HONG KONG – Tai Kwun Contemporary has opened its new exhibition My Body Holds Its Shape, with newly commissioned works from five artists: Tap Chan, Thea Djordjadze, Jason Dodge, Eisa Jocson and Pratchaya Phinthong. The exhibition examines how existing limits and constraints can emerge as artistic materials and clues for associations, with processes that embrace poetics and improvisations.
Curated by Xue Tan, the exhibition is set in the historic F Hall — a former printing facility and women’s prison — and takes the metaphorical shape of a body as it becomes live from the first hour with Eisa Jocson’s work-in-progress performance Zoo, exploring the emotional influx that comes with the displacement of the living. Sculptures, photographs and narratives cohabit the space with songs, moving bodies and an escape route. The exhibition is carefully conceived as an experience akin to a walk through lines of limits, divisions and connections — unveiling ways to tie our worlds together.
Curator Xue Tan comments: “This exhibition experiments with concepts of ‘sculpture’; the artworks are ways of exploring our multifaceted facts and ecologies, spanning lived-through stories and realised imaginations. At this very unusual time, we are struck by this sudden shift in our lives, and the global experience of self-isolation and loneliness. I hope this exhibition on limitation and distance would bring some reflection on sustainability, our connection to nature, and empathy for those who are distant and confined.”
Besides Eisa Jocson, the other artists featured include Hong Kong artist Tap Chan, whose site-specific kinetic installation Speed of Night explores the idea of liminality embedded in daily life. Berlin-based Georgian artist Thea Djordjadze presents .pullherawaypull. and Needle, modifying the “white cube” of the exhibition space and opening it up to a new view. Berlin-based American conceptual artist Jason Dodge presents Above the weather, measuring the distance from Earth to the weather through weavers’ palms, and When darkness falls…, which literally disables a family villa in a forest in Hong Kong from being visible at night. Finally, Thai artist Pratchaya Phinthong addresses the confrontation between social, economic and geographical systems with new sculptures transformed from war-time bombshell materials in polluted farmlands in Laos.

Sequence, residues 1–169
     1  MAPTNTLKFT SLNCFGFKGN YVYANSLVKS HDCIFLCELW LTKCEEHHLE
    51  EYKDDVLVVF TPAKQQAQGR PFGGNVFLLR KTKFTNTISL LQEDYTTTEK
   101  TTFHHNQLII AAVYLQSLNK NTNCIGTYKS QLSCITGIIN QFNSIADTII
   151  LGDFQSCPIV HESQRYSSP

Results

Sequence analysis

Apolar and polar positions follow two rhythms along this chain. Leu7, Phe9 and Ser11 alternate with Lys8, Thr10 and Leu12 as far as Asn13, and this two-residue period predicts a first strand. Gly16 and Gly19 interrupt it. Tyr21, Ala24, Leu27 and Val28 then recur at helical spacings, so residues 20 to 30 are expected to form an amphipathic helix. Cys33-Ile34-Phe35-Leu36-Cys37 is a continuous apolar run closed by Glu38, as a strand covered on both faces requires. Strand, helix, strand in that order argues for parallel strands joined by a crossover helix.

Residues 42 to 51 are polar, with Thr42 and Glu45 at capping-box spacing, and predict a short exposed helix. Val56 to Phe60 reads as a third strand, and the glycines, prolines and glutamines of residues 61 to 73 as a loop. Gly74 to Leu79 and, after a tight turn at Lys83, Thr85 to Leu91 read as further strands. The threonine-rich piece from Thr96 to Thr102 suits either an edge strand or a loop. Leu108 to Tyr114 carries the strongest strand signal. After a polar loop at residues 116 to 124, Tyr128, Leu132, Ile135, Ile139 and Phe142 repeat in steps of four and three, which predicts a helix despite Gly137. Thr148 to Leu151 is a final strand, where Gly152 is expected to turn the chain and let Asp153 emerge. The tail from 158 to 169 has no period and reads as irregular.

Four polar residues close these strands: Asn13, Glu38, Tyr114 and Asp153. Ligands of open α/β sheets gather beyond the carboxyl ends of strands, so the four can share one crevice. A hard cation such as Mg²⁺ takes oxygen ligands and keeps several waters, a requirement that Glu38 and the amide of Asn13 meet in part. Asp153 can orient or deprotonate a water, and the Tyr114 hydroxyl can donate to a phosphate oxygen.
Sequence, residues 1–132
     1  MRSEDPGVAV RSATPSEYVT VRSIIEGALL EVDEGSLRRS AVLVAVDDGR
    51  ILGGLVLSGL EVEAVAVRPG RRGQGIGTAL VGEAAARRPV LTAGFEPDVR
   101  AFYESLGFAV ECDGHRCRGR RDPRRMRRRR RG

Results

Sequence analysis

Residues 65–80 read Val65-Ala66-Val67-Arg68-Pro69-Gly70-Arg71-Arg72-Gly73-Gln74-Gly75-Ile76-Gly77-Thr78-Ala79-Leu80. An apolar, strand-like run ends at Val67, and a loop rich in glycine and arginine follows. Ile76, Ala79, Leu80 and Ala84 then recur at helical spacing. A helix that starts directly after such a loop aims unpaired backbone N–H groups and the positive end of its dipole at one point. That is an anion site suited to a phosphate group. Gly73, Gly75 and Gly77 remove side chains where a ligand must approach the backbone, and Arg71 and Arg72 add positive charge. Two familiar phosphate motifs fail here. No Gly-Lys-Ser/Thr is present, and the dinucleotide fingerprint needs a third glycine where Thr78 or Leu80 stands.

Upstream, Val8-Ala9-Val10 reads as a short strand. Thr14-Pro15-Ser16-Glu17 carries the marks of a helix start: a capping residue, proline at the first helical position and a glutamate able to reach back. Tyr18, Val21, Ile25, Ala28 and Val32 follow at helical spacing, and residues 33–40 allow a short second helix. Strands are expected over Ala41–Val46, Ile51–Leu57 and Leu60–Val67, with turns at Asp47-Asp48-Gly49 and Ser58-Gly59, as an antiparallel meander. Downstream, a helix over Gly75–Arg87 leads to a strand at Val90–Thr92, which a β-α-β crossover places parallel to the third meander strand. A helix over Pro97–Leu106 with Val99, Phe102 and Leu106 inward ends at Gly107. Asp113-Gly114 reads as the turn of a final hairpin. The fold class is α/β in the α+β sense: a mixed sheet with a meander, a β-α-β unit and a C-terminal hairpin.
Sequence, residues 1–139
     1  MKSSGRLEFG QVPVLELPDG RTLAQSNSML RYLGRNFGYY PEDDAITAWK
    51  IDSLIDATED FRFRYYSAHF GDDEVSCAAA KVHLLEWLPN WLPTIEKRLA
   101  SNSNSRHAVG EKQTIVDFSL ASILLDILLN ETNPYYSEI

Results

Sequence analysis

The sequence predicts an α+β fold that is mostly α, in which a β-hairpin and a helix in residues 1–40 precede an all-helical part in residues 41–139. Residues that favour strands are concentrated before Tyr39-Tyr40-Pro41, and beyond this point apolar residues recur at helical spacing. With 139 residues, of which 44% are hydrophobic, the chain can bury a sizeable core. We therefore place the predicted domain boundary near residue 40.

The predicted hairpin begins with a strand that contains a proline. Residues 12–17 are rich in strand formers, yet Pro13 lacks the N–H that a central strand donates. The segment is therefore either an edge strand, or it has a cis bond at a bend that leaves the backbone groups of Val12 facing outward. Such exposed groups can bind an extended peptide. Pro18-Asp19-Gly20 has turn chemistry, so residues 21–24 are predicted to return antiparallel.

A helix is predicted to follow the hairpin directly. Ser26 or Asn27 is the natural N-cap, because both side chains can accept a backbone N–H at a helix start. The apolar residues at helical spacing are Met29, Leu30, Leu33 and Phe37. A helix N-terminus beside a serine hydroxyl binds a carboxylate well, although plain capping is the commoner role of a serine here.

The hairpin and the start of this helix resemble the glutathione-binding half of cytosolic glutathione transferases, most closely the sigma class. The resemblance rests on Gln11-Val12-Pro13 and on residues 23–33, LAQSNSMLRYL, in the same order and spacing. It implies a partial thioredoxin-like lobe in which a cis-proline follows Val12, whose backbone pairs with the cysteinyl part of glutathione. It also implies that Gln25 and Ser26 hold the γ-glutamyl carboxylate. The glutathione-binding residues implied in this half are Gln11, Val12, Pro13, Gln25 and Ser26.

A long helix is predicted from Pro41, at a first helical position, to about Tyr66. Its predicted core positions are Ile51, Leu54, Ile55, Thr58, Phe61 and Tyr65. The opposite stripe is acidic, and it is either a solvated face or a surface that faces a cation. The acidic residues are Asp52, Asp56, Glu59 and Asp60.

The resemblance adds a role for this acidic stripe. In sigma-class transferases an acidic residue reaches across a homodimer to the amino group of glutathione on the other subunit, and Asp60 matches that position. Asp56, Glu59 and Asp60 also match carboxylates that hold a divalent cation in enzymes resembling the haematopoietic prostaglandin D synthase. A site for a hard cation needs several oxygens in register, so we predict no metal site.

Tobias Berger, Head of Art at Tai Kwun, says: “From the beginning, we at Tai Kwun Contemporary have produced conceptually oriented exhibitions with some of the most formidable contemporary artists of today. This exhibition, curated by Xue Tan, also takes as its starting point the site and history of Tai Kwun, using the notion of confinement and limits to reflect on the relation between the former space of imprisonment and the contemporary ‘white cube’ as a catalyst for imagination. Producing 9 new works especially for this exhibition, this is another example of how the very best of contemporary art can intelligently and inventively reflect on the rich history of Victoria Prison.”
My Body Holds Its Shape runs from 25th May through September 2020 at the art galleries in Tai Kwun (F Hall; entry through JC Contemporary). For more information, visit their website here
To battle the Covid-19 pandemic, people are staying home to avoid social distancing. Tai Kwun Contemporary is presenting “VR 360° Virtual Gallery” for the two exhibitions They Do Not Understand Each Other and My Body Holds Its Shape. See the virtual exhibition here